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Vulnerability is hard. For some, vulnerability can mean making oneself an easy target for ridicule, rejection, and even abuse. Which is why vulnerability in religious contexts feels very risky.
In this blog, I want to discuss why vulnerability is important, why trauma can hold you back from being vulnerable, the relationship between religious trauma and vulnerability, and why vulnerability is an essential step in your journey towards healing.
It's undeniable that vulnerability matters. But for some, vulnerability is equal to weakness. They see it as a personal failure to “keep it together”. But what they don’t see is the absolute power of vulnerability to break down barriers, connect people and help you claim your inner strength.
People who have experienced trauma often find it difficult to be vulnerable due to the lingering pain and fear associated with their past experiences. The wounds from their traumatic events can make it challenging for them to trust others and themselves, leading to emotional walls as a means of self-protection.
The overwhelming emotions linked to the trauma may trigger a desire to avoid vulnerability altogether. The trauma can also disrupt their ability to regulate emotions effectively, making it harder to express their feelings openly.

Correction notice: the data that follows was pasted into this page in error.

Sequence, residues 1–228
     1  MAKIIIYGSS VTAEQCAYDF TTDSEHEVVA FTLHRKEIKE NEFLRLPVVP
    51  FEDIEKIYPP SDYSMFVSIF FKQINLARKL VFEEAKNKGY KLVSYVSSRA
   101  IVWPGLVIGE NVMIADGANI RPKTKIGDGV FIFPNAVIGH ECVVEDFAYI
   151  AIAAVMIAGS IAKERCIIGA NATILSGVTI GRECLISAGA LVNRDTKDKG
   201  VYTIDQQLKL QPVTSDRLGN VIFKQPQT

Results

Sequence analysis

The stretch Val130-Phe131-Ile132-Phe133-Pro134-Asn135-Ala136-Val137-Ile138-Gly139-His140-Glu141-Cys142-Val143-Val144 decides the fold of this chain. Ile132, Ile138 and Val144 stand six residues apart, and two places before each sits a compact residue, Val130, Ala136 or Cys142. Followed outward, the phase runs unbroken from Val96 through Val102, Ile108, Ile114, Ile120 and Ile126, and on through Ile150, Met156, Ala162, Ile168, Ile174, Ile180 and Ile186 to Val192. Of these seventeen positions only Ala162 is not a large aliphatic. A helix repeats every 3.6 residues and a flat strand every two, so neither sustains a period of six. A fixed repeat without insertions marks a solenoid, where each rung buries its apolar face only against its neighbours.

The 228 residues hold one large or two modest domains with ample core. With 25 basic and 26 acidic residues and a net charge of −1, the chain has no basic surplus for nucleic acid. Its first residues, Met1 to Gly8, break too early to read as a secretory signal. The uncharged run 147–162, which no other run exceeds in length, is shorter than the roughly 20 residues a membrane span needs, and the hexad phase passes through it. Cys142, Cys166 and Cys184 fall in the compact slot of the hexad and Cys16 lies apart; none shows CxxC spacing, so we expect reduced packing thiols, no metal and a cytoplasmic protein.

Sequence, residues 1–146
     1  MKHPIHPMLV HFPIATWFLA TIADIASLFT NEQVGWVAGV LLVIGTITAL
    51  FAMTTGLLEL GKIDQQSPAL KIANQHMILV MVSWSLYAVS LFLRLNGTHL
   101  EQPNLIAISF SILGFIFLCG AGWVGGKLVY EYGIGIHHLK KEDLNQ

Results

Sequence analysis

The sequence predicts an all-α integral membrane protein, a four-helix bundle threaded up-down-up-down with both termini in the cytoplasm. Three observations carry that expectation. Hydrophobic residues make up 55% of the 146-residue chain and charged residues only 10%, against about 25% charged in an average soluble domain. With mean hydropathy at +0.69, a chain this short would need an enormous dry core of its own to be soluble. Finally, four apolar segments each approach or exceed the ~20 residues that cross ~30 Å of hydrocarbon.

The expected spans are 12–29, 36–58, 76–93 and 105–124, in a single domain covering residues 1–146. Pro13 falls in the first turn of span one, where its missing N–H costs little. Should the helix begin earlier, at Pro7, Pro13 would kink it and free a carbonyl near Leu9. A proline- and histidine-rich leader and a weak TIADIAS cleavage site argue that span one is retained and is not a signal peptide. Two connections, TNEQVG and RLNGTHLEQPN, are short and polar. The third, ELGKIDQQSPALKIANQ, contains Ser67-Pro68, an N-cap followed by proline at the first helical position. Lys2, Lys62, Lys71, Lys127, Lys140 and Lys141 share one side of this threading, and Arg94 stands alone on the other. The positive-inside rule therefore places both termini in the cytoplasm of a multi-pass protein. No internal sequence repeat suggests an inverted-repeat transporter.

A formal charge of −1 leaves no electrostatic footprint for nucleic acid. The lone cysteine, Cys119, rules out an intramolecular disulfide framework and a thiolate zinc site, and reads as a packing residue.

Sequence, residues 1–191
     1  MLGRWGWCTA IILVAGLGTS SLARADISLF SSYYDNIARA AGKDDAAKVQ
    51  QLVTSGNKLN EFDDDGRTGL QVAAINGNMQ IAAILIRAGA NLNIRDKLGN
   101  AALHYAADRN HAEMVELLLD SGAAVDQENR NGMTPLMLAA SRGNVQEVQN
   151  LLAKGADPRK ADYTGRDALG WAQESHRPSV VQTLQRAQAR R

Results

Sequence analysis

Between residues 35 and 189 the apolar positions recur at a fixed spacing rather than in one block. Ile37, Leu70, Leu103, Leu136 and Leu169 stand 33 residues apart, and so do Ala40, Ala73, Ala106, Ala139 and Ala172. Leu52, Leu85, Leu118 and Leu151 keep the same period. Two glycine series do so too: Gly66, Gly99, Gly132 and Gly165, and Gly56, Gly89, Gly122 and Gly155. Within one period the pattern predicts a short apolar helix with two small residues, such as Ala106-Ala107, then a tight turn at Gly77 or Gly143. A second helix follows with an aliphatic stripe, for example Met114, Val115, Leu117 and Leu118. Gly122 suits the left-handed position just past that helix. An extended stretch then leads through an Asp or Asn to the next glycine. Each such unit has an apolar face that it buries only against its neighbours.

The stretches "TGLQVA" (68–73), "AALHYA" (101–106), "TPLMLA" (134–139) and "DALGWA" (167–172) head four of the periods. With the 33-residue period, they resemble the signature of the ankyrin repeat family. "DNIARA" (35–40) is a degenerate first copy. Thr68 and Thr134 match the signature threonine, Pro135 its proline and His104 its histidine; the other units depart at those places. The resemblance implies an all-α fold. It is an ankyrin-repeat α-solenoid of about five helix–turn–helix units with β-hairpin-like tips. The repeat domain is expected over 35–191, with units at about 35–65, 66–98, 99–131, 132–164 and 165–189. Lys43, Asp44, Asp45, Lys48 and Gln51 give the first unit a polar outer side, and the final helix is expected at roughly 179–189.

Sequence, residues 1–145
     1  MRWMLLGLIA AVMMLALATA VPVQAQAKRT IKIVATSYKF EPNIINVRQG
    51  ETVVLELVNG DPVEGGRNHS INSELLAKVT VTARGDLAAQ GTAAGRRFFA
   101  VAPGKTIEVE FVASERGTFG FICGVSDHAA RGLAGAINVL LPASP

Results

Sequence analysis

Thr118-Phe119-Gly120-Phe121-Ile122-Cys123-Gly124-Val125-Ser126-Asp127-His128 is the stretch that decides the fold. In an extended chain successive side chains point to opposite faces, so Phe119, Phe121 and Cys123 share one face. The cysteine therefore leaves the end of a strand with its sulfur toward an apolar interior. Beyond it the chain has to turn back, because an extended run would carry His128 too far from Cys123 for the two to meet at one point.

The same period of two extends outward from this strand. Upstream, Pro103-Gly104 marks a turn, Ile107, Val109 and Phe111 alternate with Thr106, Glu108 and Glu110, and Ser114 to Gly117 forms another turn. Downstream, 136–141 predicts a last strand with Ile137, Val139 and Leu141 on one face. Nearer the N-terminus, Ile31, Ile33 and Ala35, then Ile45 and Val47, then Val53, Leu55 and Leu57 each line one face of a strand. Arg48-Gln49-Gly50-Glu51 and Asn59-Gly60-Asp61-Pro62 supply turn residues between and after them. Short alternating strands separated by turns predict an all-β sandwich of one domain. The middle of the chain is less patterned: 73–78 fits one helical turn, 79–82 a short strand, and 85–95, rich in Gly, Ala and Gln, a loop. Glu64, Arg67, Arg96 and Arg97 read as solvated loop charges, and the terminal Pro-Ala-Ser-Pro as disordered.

As a result, they may withdraw from others and resist sharing their vulnerabilities to avoid potential re-traumatization or rejection. It's essential to recognize that struggling with vulnerability after trauma is a natural response, and individuals should be met with understanding and patience as they work through their healing process
When we were in religious settings we were encouraged to be vulnerable and transparent. Confession, for example, was lauded as the best way to ensure one’s personal spiritual health as well as one’s secure place in the community. But many of us soon discovered that baring our souls in confession also meant people knew our weaknesses and struggles. We trusted people with personal information, especially those in leadership positions. And, for many of us, this trust was betrayed when our struggles were used for spiritual blackmail and opened the door to spiritual abuse. That’s what inspired this cartoon:
I believe in vulnerability. I practice it myself. And over time I’ve noticed that the more vulnerable I become, the more my religious trauma heals. When you are vulnerable you embrace and accept the things that have happened to you as well as how you feel about them. You accept that you cannot change the past and you develop the ability to look forward instead of backwards. Being vulnerable means you’re able to share how you are feeling with those around you which will help you develop an empowering support system.
That’s enough talk about vulnerability! It's time for you to take what I’ve shared and start living your life more vulnerably. Embrace your feelings and encourage those around you to do the same.